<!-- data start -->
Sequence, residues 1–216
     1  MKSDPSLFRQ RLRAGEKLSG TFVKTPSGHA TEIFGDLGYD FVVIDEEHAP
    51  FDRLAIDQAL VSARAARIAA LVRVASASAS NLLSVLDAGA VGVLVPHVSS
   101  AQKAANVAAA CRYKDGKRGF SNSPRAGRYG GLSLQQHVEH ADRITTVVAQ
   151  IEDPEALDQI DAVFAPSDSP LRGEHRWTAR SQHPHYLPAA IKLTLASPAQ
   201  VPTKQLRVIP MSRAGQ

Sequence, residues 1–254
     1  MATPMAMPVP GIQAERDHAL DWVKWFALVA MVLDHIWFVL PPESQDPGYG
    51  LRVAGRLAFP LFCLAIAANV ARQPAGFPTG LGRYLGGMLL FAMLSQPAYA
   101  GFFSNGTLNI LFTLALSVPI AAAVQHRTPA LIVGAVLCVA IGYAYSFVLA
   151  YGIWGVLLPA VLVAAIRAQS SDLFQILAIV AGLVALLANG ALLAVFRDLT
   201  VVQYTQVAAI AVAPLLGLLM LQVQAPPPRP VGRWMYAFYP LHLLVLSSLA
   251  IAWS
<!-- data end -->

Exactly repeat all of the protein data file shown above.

Sequence, residues 1–216
     1  MKSDPSLFRQ RLRAGEKLSG TFVKTPSGHA TEIFGDLGYD FVVIDEEHAP
    51  FDRLAIDQAL VSARAARIAA LVRVASASAS NLLSVLDAGA VGVLVPHVSS
   101  AQKAANVAAA CRYKDGKRGF SNSPRAGRYG GLSLQQHVEH ADRITTVVAQ
   151  IEDPEALDQI DAVFAPSDSP LRGEHRWTAR SQHPHYLPAA IKLTLASPAQ
   201  VPTKQLRVIP MSRAGQ

Sequence, residues 1–254
     1  MATPMAMPVP GIQAERDHAL DWVKWFALVA MVLDHIWFVL PPESQDPGYG
    51  LRVAGRLAFP LFCLAIAANV ARQPAGFPTG LGRYLGGMLL FAMLSQPAYA
   101  GFFSNGTLNI LFTLALSVPI AAAVQHRTPA LIVGAVLCVA IGYAYSFVLA
   151  YGIWGVLLPA VLVAAIRAQS SDLFQILAIV AGLVALLANG ALLAVFRDLT
   201  VVQYTQVAAI AVAPLLGLLM LQVQAPPPRP VGRWMYAFYP LHLLVLSSLA
   251  IAWS